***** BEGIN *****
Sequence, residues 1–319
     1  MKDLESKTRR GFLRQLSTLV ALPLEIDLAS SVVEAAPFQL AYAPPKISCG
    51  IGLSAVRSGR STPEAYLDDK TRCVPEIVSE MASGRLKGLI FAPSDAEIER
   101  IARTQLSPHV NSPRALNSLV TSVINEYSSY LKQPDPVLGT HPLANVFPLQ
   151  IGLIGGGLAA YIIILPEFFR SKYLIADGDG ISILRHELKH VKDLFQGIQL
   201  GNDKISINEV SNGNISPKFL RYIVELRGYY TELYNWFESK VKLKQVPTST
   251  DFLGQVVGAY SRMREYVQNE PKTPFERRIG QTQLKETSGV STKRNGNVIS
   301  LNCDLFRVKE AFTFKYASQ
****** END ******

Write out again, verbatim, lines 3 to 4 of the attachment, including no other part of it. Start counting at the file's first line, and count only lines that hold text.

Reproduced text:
    51  IGLSAVRSGR STPEAYLDDK TRCVPEIVSE MASGRLKGLI FAPSDAEIER
   101  IARTQLSPHV NSPRALNSLV TSVINEYSSY LKQPDPVLGT HPLANVFPLQ